A real estate contest, which dwarfs the size and scope of the city’s sports arena contest, looms on the horizon.
This fall, the U.S. Navy intends to issue what is called a Request for Qualifications to revitalize its sprawling NAVWAR campus in the Midway District, Greg Geisen, who is the effort’s project manager, told the Union Tribune. The action, which will be quickly followed by a request for proposals, will launch a real state competition where almost anything goes.
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On Thursday, the federal agency issued a press release announcing the ongoing solicitation and inviting developers to pre-register with its procurement system, SAM.gov.
The Navy will offer up to 70.5 acres of federal land to free bidders to dream taller than local height limits or step outside the bounds of state affordable housing requirements. There is at least one major constraint: development teams must build, at no cost to the Navy, 1.7 million square feet of new offices and warehouses, of which 1.1 million square feet must remain on the property.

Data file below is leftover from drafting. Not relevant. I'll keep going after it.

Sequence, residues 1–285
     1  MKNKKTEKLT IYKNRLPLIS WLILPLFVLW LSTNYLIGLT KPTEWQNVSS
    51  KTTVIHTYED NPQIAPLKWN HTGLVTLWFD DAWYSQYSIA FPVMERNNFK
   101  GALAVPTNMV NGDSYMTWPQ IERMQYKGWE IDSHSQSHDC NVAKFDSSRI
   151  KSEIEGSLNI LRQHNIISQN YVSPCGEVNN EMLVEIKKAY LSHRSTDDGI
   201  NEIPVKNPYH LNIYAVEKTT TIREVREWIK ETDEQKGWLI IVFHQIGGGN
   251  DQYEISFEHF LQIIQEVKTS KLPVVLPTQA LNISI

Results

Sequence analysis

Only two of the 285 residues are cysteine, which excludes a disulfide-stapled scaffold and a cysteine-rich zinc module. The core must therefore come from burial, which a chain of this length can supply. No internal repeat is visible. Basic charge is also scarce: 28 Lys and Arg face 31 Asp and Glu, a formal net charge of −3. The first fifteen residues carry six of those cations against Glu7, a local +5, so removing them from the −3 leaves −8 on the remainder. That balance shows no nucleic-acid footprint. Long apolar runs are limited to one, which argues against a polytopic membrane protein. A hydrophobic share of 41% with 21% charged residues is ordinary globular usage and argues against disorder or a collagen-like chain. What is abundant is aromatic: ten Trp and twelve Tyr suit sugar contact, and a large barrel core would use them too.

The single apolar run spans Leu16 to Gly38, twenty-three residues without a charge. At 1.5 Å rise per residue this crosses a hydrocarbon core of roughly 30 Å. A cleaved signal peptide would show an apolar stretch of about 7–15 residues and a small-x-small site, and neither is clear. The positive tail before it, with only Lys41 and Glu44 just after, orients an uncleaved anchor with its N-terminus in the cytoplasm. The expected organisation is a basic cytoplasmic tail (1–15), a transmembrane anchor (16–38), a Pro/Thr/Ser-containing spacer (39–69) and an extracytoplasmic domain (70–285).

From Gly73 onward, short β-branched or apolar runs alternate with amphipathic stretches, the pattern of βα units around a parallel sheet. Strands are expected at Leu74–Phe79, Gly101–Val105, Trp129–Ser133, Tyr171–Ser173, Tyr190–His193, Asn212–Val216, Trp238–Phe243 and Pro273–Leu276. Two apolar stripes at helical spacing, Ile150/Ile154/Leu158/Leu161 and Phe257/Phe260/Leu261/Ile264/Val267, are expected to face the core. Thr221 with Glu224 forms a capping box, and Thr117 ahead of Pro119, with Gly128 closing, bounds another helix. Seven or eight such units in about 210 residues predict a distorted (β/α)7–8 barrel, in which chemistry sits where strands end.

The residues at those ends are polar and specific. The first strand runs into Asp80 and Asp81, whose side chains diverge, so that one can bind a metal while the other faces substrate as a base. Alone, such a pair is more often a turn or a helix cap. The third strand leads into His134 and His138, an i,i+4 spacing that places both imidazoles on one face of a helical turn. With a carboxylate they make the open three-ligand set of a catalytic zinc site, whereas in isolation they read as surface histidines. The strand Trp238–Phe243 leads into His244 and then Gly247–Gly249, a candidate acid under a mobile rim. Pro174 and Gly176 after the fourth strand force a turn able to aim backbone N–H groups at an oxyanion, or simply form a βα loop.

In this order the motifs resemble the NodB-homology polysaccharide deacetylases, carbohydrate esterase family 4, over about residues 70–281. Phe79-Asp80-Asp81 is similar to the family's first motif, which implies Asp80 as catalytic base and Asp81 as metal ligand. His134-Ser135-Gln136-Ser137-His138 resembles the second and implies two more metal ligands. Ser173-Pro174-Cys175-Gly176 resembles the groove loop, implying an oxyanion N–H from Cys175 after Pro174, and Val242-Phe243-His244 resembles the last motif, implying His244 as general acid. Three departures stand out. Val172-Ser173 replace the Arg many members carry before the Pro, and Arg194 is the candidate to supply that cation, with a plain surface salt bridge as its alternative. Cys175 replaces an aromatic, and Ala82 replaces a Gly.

That’s the bottom line, Geisen said.
The ownership swap – meaning land in exchange for facilities – is modeled on the agency’s 2006 deal with Manchester Financial Group for its Navy Broadway complex. The experimental public-private partnership ultimately resulted in a 17-story waterfront office building for Navy Region Southwest, Naval Installations Engineering Command Southwest and Component Command Navy Region Southwest Reserve. Life sciences property developer IQHQ is now rapidly erecting laboratory buildings and constructing a public park on the remainder of the 12-acre site.
The NAVWAR property, which straddles the Pacific Highway and collides with Interstate 5 in the Midway District, is nearly six times larger.
“It’s a big project. So we expect big teams. …Some of the biggest name developers will probably submit to it. And they will be associated with other very large companies and experts in their field,” he said. “So they’re going to try to set up their A game for a very, very big (public-private partnership). It’s going to be the biggest (public-private partnership) the Navy has ever done, in (expected dollar value ).”
The Navy’s intention to issue a competitive solicitation is now a distinct departure from previous plans.